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Football fans would

have more civil

liberties in prison

The outrage and apologies by the authorities following the Hillsborough revelations suggests that society has changed, progressed and that nothing like this would or could happen again. However the reality for football fans is that they face an ever increasing barrage of laws and regulations many of which criminalise their behaviour way beyond anything the Thatcher government ever dreamt was possible in the 1980s.

Changes in football since the disaster in 1989 have been dramatic but one thing that remains is a profound distain for the 'great unwashed' who watch and play the beautiful game. Today, however, it is no longer the Conservative establishment who have created the framework for criminalising football supporters, but the cosmopolitan elite.

The Sun's disgusting portrayal of Liverpool supporters urinating on police officers and stealing from the dead should not be seen as an anomaly, but rather as the norm for how football fans were portrayed by both press and politicians in the 1980s. The editorial of the 'respectable' Times newspaper, for example, had earlier in the decade discussed football as a 'slum sport played in slum stadiums increasingly watched by slum people'.

Despite the generally accepted idea today that there was a 'hooligan problem' in the 80s, we should recognise that the violence associated with games involved only a tiny minority of fans and that the issue of 'hooliganism' was constructed in the way it was as part of a law and order crusade by the British establishment.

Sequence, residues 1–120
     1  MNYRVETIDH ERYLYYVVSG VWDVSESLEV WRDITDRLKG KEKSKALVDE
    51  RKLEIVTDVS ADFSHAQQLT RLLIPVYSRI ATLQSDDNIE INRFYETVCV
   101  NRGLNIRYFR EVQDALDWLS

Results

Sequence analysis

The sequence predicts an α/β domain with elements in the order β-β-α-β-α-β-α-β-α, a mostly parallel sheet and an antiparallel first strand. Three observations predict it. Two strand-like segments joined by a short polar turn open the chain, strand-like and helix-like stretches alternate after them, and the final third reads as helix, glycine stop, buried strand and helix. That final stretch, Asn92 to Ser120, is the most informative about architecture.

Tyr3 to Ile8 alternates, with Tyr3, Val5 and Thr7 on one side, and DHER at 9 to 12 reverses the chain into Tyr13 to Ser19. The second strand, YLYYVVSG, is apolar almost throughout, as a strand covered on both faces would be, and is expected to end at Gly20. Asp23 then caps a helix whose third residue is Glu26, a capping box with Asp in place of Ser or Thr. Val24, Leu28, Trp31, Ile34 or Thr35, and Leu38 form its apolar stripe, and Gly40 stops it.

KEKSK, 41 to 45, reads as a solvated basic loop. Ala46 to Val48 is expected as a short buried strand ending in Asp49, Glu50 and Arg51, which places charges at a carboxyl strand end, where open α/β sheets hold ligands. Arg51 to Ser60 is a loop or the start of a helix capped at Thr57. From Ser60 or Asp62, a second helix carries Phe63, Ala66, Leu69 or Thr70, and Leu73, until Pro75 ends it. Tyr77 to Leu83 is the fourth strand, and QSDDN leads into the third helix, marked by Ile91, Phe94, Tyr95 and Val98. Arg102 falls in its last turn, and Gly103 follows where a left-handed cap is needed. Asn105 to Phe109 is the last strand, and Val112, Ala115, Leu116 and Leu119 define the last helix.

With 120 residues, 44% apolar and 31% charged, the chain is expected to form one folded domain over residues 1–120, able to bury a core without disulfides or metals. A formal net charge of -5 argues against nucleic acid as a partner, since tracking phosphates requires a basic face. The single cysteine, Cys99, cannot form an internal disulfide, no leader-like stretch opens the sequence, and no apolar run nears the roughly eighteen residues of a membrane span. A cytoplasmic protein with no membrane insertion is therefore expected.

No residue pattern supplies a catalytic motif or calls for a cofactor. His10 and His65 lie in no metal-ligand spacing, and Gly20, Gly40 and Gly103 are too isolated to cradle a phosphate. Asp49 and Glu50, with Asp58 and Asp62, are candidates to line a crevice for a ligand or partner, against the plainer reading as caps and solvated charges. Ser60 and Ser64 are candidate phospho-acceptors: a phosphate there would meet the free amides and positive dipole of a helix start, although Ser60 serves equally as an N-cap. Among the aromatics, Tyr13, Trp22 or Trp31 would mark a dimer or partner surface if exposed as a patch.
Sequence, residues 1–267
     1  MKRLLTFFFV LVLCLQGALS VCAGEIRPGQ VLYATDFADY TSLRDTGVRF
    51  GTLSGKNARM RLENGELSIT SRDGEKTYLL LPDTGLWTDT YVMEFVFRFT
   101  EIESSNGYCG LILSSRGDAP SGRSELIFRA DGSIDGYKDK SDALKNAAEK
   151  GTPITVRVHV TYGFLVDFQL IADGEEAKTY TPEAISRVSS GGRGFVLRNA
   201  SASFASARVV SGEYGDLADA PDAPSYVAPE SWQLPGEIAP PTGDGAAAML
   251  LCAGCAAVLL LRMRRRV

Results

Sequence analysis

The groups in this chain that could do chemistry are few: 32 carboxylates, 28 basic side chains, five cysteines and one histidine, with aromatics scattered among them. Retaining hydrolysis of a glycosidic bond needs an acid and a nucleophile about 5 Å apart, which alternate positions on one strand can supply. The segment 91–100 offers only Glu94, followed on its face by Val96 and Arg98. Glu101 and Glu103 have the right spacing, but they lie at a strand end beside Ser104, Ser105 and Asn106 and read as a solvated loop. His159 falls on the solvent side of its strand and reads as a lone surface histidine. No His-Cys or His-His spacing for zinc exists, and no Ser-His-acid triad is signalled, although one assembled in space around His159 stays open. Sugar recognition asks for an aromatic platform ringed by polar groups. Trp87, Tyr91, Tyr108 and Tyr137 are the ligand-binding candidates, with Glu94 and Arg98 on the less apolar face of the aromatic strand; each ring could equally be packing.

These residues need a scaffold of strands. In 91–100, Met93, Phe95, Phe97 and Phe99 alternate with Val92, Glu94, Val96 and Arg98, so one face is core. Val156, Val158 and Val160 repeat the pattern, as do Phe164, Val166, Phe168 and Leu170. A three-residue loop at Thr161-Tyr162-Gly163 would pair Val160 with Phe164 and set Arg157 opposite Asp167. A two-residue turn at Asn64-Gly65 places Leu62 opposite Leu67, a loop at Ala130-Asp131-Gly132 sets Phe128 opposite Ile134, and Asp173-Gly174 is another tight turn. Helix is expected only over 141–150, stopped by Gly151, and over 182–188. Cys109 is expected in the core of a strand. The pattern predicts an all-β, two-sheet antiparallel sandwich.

At the same time as football fans were being separated and labelled as different, they were also targeted as part of a wider group of 'deviants' in society, loosely known as the 'enemy within'. At the 1985 Conservative Party Conference, for example, the home secretary Douglas Hurd, after receiving a standing ovation for his praise of the aggressive policing of the riots, promised a new law to target trade union pickets and hooligans. Here, the trade union militant and the hooligan were presented as part of the same problem, with both being used to sully the name of the other: trade unionists were hooligans, and hooligans were part of the leftist problem of violence, criminality and irresponsibility that was destabilising society.

The result was the Public Order Act 1986, an act that, as the name suggests, was focused on the issue of public disorder and the need to enforce order. In a variety of ways this act targeted groups of people, including football crowds and pickets, making it easier for the police to regulate and arrest people who were part of these 'mobs'. Consequently, policing of fans was carried out by an intimidating mass of police officers. Supporters, especially away supporters, were at times treated as a virtual invading army, escorted to and from grounds by lines of officers and welcomed to the ground by riot vans, police dogs and mounted police. Football fans also became the guinea pigs for new forms of surveillance and crowd control mechanisms, with CCTV and ID cards first proposed as a way to regulate fans.

Of course, most crucially on top of all of this, the 'scum' were caged like animals, and in this respect Hillsborough was an accident waiting to happen.